USEC representative Charles Yulish said to the reporter of Bellona Web, that every LEU shipment is paid in 60 days, and not in the end of the year. Charles Yulish claims, while we have up to 60 days to pay Russia for shipments, from the beginning of this contract, we have often advanced payments to our Russian partners to accommodate Russian fiscal needs. The advances are deducted against future delivery payments.

Also, it is incorrect to speak about the contract expiration. In May 2000, USEC and TENEX reached agreement on new market-based commercial terms that would begin on January 1st 2002, when the current terms expire. The new terms are under review by the respective governments. The contract goes on in any event, so there is no reason to fear that the contract will terminate, Mr. Yulish said.

Enriched uranium is measured by Separative Work Units (SWU) which reflect the amount of work needed to increase the amount of U235 to any required level. The USEC representative said that when the market prices continued to fall, the company was paying Russia in the $80-90 range for SWU while the market price was in the low $80. The pending new amendment would establish market-based pricing for payment.

Charles Yulish said to the Bellona Web that at the present time, USEC has paid $215m this year to Russia for shipments of LEU fuel derived from 13 metric tons of weapons grade HEU. USEC has not received any official complaint on the payments.

Charles Yulish also said that the statements on scrapping the plan have no relation to the operations, carried out by USEC, but may concern Russia's sale of the natural uranium component. About a third of the LEU shipment payment Russia receives from USEC is in the form of natural uranium. TENEX sells this uranium further, according to the contract with three Western companies, Cameco (Canadian) Cogema (French) and Nukem (German).

The USEC representative believes that they have not purchased uranium and that could mean that the Russian government would not have been paid. But Charles Yulish stresses, these two business deals must be kept separate: the LEU fuel deal between USEC-Tenex/Minatom and the natural uranium contract between Tenex/Minatom, Cameco, Cogema, and Nukem.

From the beginning of the HEU-LEU deal, both parties agreed that the US would pay for the enrichment component promptly when shipments were received, but the natural uranium would only be paid for by USEC (a) when it was sold, (b) if USEC used it in its own facilities, (c) or it would be returned to Russia at the end of the contract. The 1993 US Russian governments agreement and the 1994 implementing contract both state that clearly and both parties signed it.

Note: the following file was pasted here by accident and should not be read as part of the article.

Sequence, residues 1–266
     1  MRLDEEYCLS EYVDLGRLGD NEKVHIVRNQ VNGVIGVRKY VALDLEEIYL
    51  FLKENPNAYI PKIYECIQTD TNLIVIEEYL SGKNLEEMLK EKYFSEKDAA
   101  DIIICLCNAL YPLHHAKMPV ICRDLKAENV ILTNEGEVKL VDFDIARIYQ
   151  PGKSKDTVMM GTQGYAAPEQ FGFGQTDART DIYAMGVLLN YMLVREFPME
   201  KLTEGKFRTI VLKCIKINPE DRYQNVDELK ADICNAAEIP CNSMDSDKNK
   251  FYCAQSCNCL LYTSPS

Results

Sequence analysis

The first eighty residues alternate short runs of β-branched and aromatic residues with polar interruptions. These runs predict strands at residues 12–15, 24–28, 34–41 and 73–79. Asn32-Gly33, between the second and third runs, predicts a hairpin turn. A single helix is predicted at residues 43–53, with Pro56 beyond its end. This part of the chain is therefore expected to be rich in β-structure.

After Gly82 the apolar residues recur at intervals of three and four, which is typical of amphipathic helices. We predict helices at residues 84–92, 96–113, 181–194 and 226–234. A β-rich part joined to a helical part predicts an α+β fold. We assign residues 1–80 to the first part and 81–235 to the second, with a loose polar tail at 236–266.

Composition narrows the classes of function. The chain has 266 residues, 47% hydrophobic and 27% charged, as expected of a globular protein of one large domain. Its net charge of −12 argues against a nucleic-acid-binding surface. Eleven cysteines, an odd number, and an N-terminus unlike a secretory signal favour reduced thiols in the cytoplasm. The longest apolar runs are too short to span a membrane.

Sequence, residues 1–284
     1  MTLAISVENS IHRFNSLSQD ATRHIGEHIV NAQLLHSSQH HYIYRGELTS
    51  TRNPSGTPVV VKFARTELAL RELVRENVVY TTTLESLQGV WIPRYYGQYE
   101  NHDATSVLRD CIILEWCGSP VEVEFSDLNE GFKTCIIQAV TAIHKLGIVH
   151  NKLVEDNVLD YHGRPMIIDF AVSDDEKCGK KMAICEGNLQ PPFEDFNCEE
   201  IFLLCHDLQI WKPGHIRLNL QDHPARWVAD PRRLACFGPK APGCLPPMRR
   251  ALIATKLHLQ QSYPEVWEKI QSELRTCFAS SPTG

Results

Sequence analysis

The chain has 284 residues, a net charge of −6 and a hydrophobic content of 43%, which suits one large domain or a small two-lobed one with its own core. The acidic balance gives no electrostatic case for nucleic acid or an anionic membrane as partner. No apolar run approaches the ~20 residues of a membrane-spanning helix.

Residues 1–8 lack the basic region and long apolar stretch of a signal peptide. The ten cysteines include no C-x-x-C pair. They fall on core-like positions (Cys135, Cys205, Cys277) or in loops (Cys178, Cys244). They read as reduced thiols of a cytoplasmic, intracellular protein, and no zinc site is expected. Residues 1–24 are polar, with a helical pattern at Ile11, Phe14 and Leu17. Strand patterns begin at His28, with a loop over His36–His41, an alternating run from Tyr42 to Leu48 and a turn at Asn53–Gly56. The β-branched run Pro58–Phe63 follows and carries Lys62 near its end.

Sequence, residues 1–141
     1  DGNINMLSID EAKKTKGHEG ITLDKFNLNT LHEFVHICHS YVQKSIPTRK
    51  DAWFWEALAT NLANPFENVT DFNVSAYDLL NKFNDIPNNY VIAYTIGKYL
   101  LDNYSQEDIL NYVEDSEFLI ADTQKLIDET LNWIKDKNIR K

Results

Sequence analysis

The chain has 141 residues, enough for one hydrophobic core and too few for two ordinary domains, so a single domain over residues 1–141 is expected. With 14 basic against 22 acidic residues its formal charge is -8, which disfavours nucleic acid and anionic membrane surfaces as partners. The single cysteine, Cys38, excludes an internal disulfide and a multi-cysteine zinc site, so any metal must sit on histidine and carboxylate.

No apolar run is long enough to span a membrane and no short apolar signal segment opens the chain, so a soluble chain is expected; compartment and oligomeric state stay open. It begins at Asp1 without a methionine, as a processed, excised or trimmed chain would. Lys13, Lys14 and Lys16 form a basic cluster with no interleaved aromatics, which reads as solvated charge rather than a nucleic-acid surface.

As the shipments began, then ministry for nuclear energy, Victor Mikhailov, began to demand immediate payment no matter what the contracts stated. USEC had no basis to take on this $4bn obligation. The Russian demands were escalated and according to industry press reports became very controversial when Minatom brought in an unknown company, Pleiades, to manage the natural uranium transactions.

Eventually, the newly appointed minister for nuclear energy, Yevgeny Adamov, and the US government assisted Russia in solving this problem completing the contract between Russia and the three uranium companies. In spring of 1999, when Cameco, Cogema, and Nukem took part in the deal, being not bound by any restrictions on the radioactive materials trade either from the American, or from the Russian side.

The proceeds from the HEU-LEU supplies last year made 29% of all Minatom's currency earnings and 10% of all the non-tax budget proceeds. Minatom's report 2000 points out, that the funds received were spent on weapon reduction, nuclear submarine decommissioning and nuclear safety programs.

In 2000, uranium prices in the world market went down due to oversupply. As a result, USEC suffered losses. Having regarded the state of the market, Minatom offered USEC to buy additional uranium volumes for lower prices. At the same time, Russia said the prices for the raw materials, being exported to the USA under the HEU-LEU contract, could be reduced.

According to the TENEX information, in 2000, five return shipments of the natural component from the US to Russia were carried out, totaling in 4.6 thousand tons.

Russian official daily Rossiyskaya Gazeta, reported on Tuesday that the perspective of the HEU-LEU agreement development were discussed among other issues at the working meetings of the G7 and Russian presidents in Genoa.

The sides expressed their satisfaction at the agreement implementation, and discussed the possibility of additional Russian LEU shipments to the US market.

Thus, Russia, according to the newspaper, would extend its activities at the American NPP fuel market, and the US would continue supporting USEC. The newspaper also said functions of the executive agent of the Russian side may be transferred to the state owned Rosoboronexport company, which has a serious reputation in the weapon market.